While I was in no way abused as a child, I did receive many messages that my childhood self interpreted as proof that I was not good enough and that I would never be as good as others. This vision of self stuck with me for many years, and still creeps up on me today, stopping me from living my authentic life and causing many missed opportunities because the fear was so convincing. As I became more aware of this process of conditioning and the creation of the mind through therapy and my journey of becoming a therapist myself, I learned ways of becoming more connected to the ways I prefer to view myself and I began to see that I was so much more capable than that mind was ever letting me believe. Furthermore, the more experiences I had of overcoming obstacles and challenging the limits I once thought I had, the more I grew and saw that so much more is possible. Now, whenever a thought arises that I “can’t” do something, I remember what I have been able to accomplish and I remember that the mind does not really know the extent of my abilities; it only tries to convince me of the limitations I once had.
This takes me back to where I began this post, the dreaded Snatch. When I first started CrossFit, I don’t think I had ever done a Snatch lift in my life. When I saw it being done so perfectly by the athletes, I thought there is no way that I could do that. However, equipped with the awareness of the tricks of the mind, which is designed to keep us stuck in old ways of thinking, I quickly changed my perspective and decided that I would give it a try. While it was certainly challenging to get to this point, I am now fully proficient in the movement and I have added 60 pounds from the first time I performed this movement. My coaches continuously tell me that they believe I can lift much more than is being shown, and I totally agree with them. However, the mind doesn’t like to let go so easily and there is a part of me that continues to get caught in that belief of “can’t,” preventing me from reaching the next milestone. Every time that I step up to that barbell, I want so badly to nail it, to shut that silly voice up and prove to myself that I “can” do it. My only solace, and I believe this is huge, is that I now know that it is all possible and that the conditioned mind is no longer in charge of me. I know, because I have seen it, that it is all possible and that one day I will win this battle; I will overcome this challenge just as I have overcome so many other challenges before.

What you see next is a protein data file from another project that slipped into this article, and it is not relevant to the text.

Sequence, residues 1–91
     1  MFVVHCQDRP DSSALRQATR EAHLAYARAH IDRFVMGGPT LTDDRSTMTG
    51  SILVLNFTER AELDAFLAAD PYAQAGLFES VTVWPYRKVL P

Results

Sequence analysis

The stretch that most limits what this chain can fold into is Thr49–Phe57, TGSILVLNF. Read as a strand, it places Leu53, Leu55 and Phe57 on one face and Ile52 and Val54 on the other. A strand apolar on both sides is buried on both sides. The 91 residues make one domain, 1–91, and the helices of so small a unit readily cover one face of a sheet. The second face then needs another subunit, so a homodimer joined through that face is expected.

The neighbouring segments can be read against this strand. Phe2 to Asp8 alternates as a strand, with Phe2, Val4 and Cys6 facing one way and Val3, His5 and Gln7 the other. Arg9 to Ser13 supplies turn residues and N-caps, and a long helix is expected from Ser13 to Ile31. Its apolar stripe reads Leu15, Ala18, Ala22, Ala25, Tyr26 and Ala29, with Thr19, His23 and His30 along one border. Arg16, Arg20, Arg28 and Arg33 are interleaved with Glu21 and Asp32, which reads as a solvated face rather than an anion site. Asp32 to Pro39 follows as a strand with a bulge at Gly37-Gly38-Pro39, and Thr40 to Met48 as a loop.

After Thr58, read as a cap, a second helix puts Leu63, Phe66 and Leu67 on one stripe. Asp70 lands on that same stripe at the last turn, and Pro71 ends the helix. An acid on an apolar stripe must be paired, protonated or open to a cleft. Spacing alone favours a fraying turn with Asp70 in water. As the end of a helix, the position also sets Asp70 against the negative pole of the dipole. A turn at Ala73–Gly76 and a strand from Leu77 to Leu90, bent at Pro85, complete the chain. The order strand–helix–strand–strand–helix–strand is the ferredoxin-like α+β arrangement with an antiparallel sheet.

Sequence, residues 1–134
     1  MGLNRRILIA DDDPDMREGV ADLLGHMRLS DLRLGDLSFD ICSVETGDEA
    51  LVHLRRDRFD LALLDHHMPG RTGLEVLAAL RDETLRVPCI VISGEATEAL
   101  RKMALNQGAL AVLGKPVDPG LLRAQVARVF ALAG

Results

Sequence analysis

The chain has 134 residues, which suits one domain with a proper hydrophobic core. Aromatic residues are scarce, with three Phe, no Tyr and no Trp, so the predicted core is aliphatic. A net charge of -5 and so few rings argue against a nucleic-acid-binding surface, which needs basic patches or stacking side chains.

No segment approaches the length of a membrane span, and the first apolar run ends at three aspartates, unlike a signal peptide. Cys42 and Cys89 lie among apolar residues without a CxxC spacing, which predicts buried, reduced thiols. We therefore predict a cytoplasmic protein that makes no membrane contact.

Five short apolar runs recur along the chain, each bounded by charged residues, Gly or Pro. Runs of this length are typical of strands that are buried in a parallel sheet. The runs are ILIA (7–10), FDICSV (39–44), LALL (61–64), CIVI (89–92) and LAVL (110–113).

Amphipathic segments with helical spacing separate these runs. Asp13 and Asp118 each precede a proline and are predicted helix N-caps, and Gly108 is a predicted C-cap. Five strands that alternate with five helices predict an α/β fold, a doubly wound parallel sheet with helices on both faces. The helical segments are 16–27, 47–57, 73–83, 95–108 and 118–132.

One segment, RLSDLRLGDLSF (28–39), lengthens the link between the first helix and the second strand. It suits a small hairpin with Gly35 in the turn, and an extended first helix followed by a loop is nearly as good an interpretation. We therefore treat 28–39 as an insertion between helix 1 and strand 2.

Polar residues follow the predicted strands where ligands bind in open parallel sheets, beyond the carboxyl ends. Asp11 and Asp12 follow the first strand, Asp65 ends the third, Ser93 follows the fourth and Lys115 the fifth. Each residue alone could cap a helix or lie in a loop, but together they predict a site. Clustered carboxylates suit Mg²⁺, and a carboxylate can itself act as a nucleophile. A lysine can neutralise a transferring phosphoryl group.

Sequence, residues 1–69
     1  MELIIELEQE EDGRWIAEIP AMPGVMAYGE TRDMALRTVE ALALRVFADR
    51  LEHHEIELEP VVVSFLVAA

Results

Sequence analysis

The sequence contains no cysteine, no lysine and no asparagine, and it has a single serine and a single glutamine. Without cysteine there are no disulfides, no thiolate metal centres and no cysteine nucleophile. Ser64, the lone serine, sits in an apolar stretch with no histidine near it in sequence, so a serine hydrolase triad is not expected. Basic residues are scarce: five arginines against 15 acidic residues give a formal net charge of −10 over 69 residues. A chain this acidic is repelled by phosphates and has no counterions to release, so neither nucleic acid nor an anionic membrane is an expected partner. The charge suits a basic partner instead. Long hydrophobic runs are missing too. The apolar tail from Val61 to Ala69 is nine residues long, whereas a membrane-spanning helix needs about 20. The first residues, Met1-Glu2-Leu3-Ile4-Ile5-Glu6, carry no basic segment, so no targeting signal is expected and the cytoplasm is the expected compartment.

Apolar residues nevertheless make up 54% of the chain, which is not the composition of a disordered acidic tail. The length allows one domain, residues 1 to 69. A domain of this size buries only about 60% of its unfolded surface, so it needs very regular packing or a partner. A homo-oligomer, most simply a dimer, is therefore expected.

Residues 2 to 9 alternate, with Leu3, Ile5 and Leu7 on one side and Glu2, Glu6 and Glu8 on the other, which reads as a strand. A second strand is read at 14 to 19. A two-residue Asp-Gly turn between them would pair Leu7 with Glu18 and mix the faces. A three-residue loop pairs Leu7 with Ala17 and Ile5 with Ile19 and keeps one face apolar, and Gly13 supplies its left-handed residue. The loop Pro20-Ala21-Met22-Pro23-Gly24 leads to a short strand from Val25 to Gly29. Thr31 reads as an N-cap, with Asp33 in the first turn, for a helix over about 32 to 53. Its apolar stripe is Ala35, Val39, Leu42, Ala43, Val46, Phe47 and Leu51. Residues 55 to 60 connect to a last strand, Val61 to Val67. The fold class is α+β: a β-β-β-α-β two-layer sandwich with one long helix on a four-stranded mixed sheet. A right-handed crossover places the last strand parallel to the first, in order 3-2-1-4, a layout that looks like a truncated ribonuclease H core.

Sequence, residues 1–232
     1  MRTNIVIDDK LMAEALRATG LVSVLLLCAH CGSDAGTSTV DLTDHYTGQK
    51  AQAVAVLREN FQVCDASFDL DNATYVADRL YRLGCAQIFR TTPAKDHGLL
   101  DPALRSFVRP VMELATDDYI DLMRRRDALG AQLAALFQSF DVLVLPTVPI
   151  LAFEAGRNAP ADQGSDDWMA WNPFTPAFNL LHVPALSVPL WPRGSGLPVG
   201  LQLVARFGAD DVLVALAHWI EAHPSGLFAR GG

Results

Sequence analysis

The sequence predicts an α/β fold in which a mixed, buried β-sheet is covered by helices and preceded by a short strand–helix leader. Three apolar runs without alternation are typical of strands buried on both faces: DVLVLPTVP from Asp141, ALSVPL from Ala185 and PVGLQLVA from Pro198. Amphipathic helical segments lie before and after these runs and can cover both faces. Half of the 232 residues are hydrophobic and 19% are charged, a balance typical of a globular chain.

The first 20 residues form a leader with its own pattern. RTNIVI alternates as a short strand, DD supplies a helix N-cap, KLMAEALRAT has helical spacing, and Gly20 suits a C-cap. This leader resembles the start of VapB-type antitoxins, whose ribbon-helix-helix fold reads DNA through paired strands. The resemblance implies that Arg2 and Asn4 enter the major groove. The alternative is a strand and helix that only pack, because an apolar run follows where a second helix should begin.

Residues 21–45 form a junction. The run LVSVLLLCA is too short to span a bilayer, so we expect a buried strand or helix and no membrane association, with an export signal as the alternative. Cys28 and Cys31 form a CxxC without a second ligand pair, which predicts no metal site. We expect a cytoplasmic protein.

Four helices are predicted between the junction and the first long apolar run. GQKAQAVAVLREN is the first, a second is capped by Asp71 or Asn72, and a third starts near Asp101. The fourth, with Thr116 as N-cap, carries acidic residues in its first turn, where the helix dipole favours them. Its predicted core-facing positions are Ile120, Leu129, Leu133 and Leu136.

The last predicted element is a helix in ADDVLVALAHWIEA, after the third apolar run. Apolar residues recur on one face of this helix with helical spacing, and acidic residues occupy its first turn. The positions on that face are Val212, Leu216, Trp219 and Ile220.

The mind is merely a collection of experiences we have had, so when we become aware of this fact, we have the opportunity to focus our attention on new experiences, shifting the way that we see the world and opening ourselves to the possibility of a brighter more hopeful future. We have the ability to choose the focus of our attention and I for one choose to focus on what is possible rather than on the limitations that were created for me. As someone somewhere once said, it is not how many times you fall down that matters, it is how many times you get back up. So, for me, I will continue to work at this challenge and I will continue to have hope, because the alternative is not a life I choose.